Expanding on his pursuit, Foskey can quickly recognize screens and sell out to the sideline. Moreover, he has the long-strider speed and athleticism to drop out to the flats and seal off short passes. In pursuit on running downs, he sheds moving blocks and has the short-area athleticism to manage space on option plays. Moreover, he can stonewall pulling blockers, then shed and redirect his hips to match runners outside.

    Foskey’s Areas for Improvement

    Foskey is an extremely well-rounded prospect, but he isn’t perfect. Most notably, the Notre Dame EDGE doesn’t have elite bend. His hips have some flexibility but aren’t the most fluid. His midsection can get locked up at the apex at times, preventing him from dipping under and sustaining acceleration. He can’t always roll his hips through the apex and sometimes needs to decelerate and reset inside.

    In a similar vein, Foskey’s frame is a bit high-hipped, which sometimes forces him to gather himself before making tight direction changes. He doesn’t always show the torso flexibility to consistently capitalize on burst and squeeze through gaps when stunting inside. Furthermore, in space, he can be a bit stiff when changing directions with his tall frame. He’s played off-ball before but should be primarily on-ball in the NFL.

    Elsewhere, Foskey doesn’t have elite play strength. He can be worked off his spot in run defense and can’t always wrestle himself free from anchors when pressuring the apex. His leverage could also improve. His power rushes sometimes stall out when his pads drift too far up after contact. Once his pad level drifts too high, it can be difficult to recover. He also struggles to manage his pad level on approach at times.

    Occasionally, Foskey extends past his base and lurches into contact, neutralizing his lower body and stalling his momentum. He lurches and loses his balance when his hands miss their mark. While Foskey is a formidable hand fighter, his hand strikes could be more precise and his placement cleaner. The Notre Dame EDGE’s hands sometimes slip past their targets and fail to channel maximum force.

    Foskey maintained his high-level production in 2022, but his hand usage seemed to regress a bit on tape. He still has flashes of brilliance stacking counters upon his initial exertion, but Foskey wasn’t as consistent in 2022 as he was in 2021. Luckily, he’s at the very least shown the capacity to stack moves and vary his rush plan, and that’s something coaches can work with, along with his tools.

    Lastly, in pursuit, Foskey sometimes drifts backward when faced with misdirections and exposes himself to blockers moving upfield. He’ll also occasionally overpursue option plays and commit to the QB prematurely.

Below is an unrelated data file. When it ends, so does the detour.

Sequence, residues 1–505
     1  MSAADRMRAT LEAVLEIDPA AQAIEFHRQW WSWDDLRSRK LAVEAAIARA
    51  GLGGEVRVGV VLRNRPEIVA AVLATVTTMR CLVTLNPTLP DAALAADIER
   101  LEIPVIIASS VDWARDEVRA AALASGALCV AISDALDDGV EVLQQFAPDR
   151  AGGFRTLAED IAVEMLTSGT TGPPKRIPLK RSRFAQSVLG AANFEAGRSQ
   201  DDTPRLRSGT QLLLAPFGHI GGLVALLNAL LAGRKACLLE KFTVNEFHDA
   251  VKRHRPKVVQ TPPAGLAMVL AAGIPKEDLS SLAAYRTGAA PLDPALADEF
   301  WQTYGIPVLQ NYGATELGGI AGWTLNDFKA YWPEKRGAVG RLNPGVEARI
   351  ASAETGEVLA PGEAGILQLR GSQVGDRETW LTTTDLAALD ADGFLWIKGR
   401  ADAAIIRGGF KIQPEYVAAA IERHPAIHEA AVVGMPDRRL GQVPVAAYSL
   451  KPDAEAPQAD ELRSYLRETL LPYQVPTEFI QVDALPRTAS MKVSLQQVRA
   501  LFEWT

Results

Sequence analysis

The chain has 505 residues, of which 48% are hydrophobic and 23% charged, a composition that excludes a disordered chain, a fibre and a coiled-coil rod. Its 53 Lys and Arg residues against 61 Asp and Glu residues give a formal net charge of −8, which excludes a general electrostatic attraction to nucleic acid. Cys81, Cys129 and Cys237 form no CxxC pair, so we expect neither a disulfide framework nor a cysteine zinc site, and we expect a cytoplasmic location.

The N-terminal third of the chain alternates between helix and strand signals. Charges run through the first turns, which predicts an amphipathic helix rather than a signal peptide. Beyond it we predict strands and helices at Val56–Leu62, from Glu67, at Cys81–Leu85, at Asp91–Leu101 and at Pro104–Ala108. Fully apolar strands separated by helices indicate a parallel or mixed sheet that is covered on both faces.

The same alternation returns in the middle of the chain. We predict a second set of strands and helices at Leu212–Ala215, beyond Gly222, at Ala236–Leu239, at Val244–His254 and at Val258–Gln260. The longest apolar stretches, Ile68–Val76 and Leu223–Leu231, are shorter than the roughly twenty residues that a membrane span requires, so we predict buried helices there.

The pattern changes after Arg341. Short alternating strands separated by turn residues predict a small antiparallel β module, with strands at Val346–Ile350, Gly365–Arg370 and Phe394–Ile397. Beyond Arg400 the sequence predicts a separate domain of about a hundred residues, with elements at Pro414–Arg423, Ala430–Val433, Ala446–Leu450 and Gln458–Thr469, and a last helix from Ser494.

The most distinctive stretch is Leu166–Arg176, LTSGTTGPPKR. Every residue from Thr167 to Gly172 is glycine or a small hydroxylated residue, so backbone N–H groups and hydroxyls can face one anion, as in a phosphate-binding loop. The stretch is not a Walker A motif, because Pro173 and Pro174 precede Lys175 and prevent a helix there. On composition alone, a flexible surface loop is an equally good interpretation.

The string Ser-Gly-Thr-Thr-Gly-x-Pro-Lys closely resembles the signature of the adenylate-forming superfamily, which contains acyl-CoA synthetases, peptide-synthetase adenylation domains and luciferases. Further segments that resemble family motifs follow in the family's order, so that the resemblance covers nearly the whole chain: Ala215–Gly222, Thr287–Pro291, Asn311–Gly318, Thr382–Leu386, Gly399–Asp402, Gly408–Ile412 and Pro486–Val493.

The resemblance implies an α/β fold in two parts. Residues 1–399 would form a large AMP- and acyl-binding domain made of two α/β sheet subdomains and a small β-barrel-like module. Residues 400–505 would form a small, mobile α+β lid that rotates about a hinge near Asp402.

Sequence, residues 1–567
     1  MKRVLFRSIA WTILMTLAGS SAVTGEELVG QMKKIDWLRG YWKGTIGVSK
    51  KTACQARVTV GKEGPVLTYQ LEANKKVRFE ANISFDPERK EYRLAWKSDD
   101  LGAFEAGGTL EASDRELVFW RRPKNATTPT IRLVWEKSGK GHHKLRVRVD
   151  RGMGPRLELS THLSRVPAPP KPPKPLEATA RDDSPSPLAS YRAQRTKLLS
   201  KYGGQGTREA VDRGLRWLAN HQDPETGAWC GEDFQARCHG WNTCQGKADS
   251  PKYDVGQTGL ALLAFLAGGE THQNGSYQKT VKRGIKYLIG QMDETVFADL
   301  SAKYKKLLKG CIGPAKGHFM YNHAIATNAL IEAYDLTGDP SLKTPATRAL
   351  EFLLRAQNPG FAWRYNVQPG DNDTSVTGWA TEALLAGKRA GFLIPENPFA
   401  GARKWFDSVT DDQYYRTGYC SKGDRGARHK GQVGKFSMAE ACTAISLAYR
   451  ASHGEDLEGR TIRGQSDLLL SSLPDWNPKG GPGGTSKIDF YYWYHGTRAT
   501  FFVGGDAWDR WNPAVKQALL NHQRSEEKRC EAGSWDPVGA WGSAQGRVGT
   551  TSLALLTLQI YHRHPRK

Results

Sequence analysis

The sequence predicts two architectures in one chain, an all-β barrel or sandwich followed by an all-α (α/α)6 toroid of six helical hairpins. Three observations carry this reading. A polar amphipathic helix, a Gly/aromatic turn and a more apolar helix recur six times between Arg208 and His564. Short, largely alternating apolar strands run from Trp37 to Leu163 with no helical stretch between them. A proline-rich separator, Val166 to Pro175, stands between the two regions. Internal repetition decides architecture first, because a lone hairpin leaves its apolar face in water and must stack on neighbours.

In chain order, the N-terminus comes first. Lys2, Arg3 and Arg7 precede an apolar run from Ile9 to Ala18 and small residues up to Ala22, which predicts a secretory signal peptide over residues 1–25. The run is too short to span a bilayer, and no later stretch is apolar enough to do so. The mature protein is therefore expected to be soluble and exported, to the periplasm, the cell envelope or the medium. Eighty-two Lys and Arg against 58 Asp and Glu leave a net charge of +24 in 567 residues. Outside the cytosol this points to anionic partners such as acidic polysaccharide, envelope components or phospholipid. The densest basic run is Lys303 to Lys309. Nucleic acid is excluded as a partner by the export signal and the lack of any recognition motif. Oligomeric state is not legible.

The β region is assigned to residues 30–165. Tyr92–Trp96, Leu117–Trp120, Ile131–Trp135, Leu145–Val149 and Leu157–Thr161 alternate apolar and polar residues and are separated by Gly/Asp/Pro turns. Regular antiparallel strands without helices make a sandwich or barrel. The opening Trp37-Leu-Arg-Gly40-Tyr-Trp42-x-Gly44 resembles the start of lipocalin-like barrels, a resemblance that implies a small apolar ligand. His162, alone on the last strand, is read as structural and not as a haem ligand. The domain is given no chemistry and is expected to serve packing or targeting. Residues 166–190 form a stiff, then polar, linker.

Current Draft Projection for Notre Dame EDGE Isaiah Foskey

    Even after a slight regression on tape in 2022, Foskey remains a top-25 prospect on my board and a worthy first-round candidate in the 2023 NFL Draft. He’s not far below the initial group of power rushers, and you could argue that, at his best, he has some of the most dangerous hands in the entire class.

    At his maximum, Foskey has legitimate blue-chip upside. Foskey’s size at 6’5″, 264 pounds, with 34″ arms, is incredibly unique. With that size, he’s an elite athlete with torrid explosiveness and amped-up energy off the snap. His mix of burst and length grants him elite maximum power capacity, and he’s shown to utilize all of his tools with his deep pass-rush arsenal.

    Foskey will need to keep minimizing the drift of his pad level after contact and keep honing his precision as a pass rusher. Consistency is the name of the game for Foskey, who can use all the moves, but sometimes leaves opportunities on the table. Additionally, with his high-cut frame, he doesn’t always effectively align his base on power exertions, nor does he have elite bend capacity.

    All told, however, these are fairly minor flaws in what is an incredibly complete and all-encompassing EDGE profile. Foskey has everything you need — size, length, explosiveness, power strength, active hands, and a red-hot motor. And he’s shown glimpses of the requisite ankle flexion.

    Foskey has the tools to command Round 1 capital, and teams in need of a potential impact starter at EDGE should race to the podium if he’s still there on Day 2.